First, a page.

The Empty Tomb: Arguments against Historicity

I’m glad to see RBL book reviews of Dale Allison’s Resurrecting Jesus. Michael Licona summarizes Dale’s assessment of the empty tomb:

Allison first takes a look at seven common arguments against its historicity and finds that only two carry weight. He then takes a look at seven common arguments for the historicity of the empty tomb. He concludes that there exists a “decent” case for the empty tomb and a “respectable” case against it (331). Notwithstanding, he judges the position that the tomb was empty to be “the slightly stronger possibility,” since the best two con arguments are “hypothetical and suggestive,” while the best two pro arguments are “concrete and evidential.” Nevertheless, the empty tomb remains a “tentative” historical fact, and its cause is even more so (332).

In weighing the seven arguments for and against, Dale finds only two in each case that carry weight. Let’s list them. We’ll start with the arguments against:

(1) The account is only singularly attested; it comes from Markan creativity. (pp 300-302)

(2) The account is inspired by Dan 6. (pp 302-303)

(3) The words about the women fleeing the tomb, “they said nothing to anyone” (Mk 16:8), is a literary explanation for why no one had heard of the empty tomb before. (pp 303-304)

(4) The account involves the miraculous. (pp 304-305)

(5) Paul knows nothing of an empty tomb, so the account must have originated after him. (pp 305-307)

(6) If people had visions of Jesus and had come to believe in his resurrection, it’s easy to see how an empty tomb legend would have arisen; human beings create religious fictions to justify beliefs all the time. (pp 307-308)

(7) There is remarkable precedent for — indeed, an overwhelming abundancy of — legendary stories about empty tombs and disappearing bodies. (pp 308-311)

After considering each argument individually, Allison concludes:

Of the seven arguments just introduced, the first five are, like Jesus’ tomb in the Gospels, empty. But the sixth cannot be dismissed without a guilty conscience: early Christians did have the imaginative ability to fabricate a fiction on the basis of theological convictions. Similarly, the final argument is formidable and should give its proponents some assurance: people have indeed constructed legends about missing bodies. (p 311)

I agree with most of Allison has to say about the individual arguments, but (2) needs more serious consideration. It’s not nearly as weak as (1), (3), (4), and (5). I’m not saying I think Mk 15-16 necessarily derives from Dan 6, but a good case has been made for it. As noted by Allison, Randel Helms listed the following parallels:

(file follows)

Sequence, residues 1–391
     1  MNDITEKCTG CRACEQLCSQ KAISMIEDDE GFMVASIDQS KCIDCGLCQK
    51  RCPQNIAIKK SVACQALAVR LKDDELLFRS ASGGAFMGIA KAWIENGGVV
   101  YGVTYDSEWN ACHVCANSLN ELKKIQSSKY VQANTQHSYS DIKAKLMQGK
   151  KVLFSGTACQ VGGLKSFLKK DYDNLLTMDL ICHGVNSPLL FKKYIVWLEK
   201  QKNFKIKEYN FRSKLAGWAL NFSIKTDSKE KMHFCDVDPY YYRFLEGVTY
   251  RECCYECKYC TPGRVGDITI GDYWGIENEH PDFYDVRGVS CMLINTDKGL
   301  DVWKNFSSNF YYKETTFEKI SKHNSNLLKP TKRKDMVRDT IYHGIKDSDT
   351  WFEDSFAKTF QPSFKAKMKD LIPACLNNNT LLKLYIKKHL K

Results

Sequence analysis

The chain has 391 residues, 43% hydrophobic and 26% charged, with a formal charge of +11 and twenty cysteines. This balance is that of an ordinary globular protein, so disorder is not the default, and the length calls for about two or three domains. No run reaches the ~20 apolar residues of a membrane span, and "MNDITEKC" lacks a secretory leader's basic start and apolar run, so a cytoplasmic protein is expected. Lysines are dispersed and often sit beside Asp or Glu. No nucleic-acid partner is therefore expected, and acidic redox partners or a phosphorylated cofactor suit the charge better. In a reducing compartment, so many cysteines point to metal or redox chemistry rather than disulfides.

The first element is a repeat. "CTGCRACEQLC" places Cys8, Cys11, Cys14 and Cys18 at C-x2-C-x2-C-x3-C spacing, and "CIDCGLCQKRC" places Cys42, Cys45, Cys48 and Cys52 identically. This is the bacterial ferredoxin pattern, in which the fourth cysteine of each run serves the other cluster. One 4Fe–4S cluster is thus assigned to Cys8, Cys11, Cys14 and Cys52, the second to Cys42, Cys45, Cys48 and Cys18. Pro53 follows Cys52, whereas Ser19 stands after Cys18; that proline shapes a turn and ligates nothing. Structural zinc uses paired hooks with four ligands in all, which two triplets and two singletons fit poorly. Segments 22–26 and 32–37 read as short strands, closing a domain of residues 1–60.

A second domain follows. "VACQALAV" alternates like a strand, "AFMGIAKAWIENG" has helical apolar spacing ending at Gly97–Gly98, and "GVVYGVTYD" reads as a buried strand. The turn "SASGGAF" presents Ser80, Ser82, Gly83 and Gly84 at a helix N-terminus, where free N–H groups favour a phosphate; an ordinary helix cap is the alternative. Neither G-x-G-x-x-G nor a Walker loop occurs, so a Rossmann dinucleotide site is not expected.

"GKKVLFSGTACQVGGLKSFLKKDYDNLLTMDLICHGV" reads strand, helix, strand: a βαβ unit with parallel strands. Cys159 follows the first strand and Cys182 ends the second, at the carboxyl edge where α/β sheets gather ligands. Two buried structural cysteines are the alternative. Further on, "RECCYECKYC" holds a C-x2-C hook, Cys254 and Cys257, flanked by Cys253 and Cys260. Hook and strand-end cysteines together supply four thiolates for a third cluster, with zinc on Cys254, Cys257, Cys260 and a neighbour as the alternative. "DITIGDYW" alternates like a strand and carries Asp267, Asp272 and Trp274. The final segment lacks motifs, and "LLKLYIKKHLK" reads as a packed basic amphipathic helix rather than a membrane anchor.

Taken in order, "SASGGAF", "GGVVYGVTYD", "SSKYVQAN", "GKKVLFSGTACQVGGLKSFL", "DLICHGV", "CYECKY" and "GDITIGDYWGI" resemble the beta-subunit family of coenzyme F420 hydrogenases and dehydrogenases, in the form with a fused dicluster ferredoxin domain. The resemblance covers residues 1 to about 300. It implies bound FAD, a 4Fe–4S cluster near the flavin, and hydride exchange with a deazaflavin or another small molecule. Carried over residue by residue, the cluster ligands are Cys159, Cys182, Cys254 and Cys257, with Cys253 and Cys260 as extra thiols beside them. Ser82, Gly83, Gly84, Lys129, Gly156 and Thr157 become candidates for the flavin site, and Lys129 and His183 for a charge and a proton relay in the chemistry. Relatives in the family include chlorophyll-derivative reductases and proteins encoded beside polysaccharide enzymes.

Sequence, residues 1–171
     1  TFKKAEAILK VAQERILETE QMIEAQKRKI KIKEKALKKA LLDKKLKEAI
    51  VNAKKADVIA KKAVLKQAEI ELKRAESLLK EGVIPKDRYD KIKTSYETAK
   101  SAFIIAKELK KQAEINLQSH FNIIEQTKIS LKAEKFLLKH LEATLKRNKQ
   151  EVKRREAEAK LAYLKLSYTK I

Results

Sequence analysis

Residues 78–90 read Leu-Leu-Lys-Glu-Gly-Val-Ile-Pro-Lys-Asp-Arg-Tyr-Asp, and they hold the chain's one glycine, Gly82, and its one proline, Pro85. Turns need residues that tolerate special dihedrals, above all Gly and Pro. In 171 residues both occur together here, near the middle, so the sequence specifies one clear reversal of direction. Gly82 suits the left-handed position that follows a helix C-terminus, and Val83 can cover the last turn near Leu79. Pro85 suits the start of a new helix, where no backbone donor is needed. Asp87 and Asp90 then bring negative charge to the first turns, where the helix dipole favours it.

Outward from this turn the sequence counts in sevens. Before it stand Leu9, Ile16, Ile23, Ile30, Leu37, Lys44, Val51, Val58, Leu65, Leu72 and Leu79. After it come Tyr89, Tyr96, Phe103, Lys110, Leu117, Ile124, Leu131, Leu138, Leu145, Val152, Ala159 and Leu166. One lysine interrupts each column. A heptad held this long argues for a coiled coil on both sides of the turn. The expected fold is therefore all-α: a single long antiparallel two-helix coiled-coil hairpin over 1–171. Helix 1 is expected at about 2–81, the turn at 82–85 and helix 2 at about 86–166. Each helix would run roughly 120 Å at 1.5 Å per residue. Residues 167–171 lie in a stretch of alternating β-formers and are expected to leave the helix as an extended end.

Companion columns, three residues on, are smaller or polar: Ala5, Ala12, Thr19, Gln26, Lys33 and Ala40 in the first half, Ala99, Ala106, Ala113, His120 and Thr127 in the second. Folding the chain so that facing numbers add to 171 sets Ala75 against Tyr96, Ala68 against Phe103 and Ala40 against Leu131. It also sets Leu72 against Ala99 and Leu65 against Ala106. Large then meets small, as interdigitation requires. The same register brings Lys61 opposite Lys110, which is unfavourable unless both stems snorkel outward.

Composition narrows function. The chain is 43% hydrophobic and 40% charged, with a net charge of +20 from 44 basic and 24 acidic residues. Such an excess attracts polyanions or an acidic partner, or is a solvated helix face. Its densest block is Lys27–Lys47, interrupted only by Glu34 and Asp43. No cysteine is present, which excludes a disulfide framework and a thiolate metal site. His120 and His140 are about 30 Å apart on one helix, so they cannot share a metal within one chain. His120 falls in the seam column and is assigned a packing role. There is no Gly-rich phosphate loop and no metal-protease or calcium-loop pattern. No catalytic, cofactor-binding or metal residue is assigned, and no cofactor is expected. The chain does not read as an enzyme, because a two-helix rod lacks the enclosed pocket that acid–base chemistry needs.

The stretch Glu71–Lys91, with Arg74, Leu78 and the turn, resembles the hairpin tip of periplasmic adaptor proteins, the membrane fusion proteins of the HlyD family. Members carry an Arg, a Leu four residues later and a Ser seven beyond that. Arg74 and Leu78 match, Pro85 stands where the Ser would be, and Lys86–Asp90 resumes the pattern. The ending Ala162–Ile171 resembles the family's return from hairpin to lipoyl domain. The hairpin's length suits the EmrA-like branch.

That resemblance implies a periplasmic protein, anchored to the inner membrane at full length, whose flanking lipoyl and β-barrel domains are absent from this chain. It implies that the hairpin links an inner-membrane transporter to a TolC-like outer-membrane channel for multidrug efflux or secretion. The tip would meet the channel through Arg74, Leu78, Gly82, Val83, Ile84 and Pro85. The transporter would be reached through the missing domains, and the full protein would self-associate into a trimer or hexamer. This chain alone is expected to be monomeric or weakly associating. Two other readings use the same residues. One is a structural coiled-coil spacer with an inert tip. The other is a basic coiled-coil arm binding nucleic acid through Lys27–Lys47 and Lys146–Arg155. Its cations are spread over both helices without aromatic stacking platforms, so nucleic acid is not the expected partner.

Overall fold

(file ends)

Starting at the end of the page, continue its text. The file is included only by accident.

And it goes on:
* The law demands the death of God’s chosen. (Dan 6:6-10; Mk 15:1-5)

* The ruler is reluctant to enforce the law but does so. (Dan 6:14-16; Mk 15:6-15)

* Late in the day a sympathetic leader puts the chosen one in a pit or cave and covers it with a stone. (Dan 6:17-18; Mk 15:42-46)

* Early in the morning those who care for God’s chosen one approach the pit or cave. (Dan 6:19; Mk 16:2)

* There is angelic intervention. (Dan 6:22; Mk 16:5-7)

* The hero is not dead but lives. (Dan 6:19-23; Mk 16:1-8)

Allison is unimpressed with these parallels (p 302) and says they are best viewed as “the upshot of happenstance” (p 303). On the other hand, he allows that Dan 6 may have influenced Matthew’s embellishments to the Markan story (see footnote 408 on p 303). I’m unclear as to why Matthew’s embellishments can be safely viewed as haggadic fiction, but Mark’s cannot. The above parallels, after all, are numerous, and hardly forced or contrived.

So despite my leanings to the empty tomb as history, I think argument (2) is much stronger than Allison allows and would accord it as one of three (along with (6) and (7)) which carry weight on the “against” side of the debate. In the next post we’ll look at the “for” side.


5 thoughts on “The Empty Tomb: Arguments against Historicity

  1. Aside from that obvious difference, the parallels are too dense for me to dismiss entirely. I wonder if it’s time for someone to do a Goodacre-like analysis of the parallels, and look for a balance between “history remembered” and “prophecy historicized”?